When Wimpey threw down the gauntlet to outspoken fashion designer Wayne Hemingway and his wife Gerardine, competitors brushed it off as a PR stunt.

A few years later and Wimpey seems to be having the last laugh. The brave move to hand over the design reins to such outspoken critics now looks like a bit of a coup. The first 159 homes of a 778-unit scheme have been snapped up by happy customers, and although Wimpey admits that its margins have suffered, it is confident that what it has learned will enable it to reduce overheads next time around. The Hemingways’ design is clever, particular in the way it encourages people to interact by mixing private and semi-private space, but it’s hardly advanced theoretical thinking. What it does show is that housebuilders can benefit by consulting minds uncontaminated by industry groupthink.

Although few housebuilders have yet to adopt Wimpey’s approach, the downturn in the market and the government’s desire to increase housing supply have begun to change the paradigm – particularly as far as affordability is concerned. In recent years, housebuilders had all but forgotten first-time buyers as they competed for the so-called executive end of the market. English Partnerships’ £60,000 house competition may have been knocked by architects on aesthetic grounds, but it has certainly reminded housebuilders that not all their potential customers earn £50,000 a year and aspire to live in a double-garaged, four-bedroom box: the average national salary is less than £22,500.

Another significant development is the opening up of the social housing grant to the private sector. Rather than take the money, build the homes and then sell them on to a housing association at the earliest opportunity, Tony Pidgley’s Berkeley is looking to set up its own social housing arm. Meanwhile his son, Tony Pidgley Jr, is among a number of developers thinking laterally about land supply; he’s buying derelict sites zoned for employment use, on the chance that the council will allow him to build affordable homes instead (see news section). Add modern methods of construction, high rise and shared equity and it’s clear to see the received wisdom is changing. In the past, stick to what you know was the housebuilder’s mantra. Now it could be who dares wins.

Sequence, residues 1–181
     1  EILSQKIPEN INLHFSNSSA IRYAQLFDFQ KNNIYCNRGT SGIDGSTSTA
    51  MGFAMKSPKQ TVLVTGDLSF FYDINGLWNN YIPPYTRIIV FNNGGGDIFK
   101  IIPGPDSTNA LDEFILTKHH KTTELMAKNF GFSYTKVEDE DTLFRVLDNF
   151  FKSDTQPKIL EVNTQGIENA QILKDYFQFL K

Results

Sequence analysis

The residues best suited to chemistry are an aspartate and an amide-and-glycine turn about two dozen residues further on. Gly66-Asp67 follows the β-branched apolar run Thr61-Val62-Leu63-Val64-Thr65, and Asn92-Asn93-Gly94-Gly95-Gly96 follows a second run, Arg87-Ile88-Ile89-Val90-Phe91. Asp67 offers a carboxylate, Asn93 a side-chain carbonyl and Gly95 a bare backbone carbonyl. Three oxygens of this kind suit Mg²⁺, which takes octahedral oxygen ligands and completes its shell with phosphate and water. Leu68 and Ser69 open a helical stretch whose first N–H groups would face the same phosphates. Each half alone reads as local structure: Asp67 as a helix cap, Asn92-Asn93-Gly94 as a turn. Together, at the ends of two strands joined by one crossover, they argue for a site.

The barbarians at our gates

Among the acres of newsprint devoted to the government’s crackdown on antisocial behaviour, we have heard little of thugs burning down sites or smashing up plant. It may be a hidden aspect of Britain’s yob culture, but it’s becoming an ever-increasing problem to the building industry. A report by the Royal & Sun Alliance estimates that yobs cost construction and transport £120m a year. Then there are costs of security and the difficulty of getting staff to work in some inner-city areas. Clearly this is not a problem that the industry can solve itself, but that shouldn’t stop firms from mitigating the problem with CCTV, closer liaison with the police and community outreach schemes. It may not be what people go into the industry for, but it’s necessary. It would be tragic if those areas that need the skills of the industry most become no-go areas.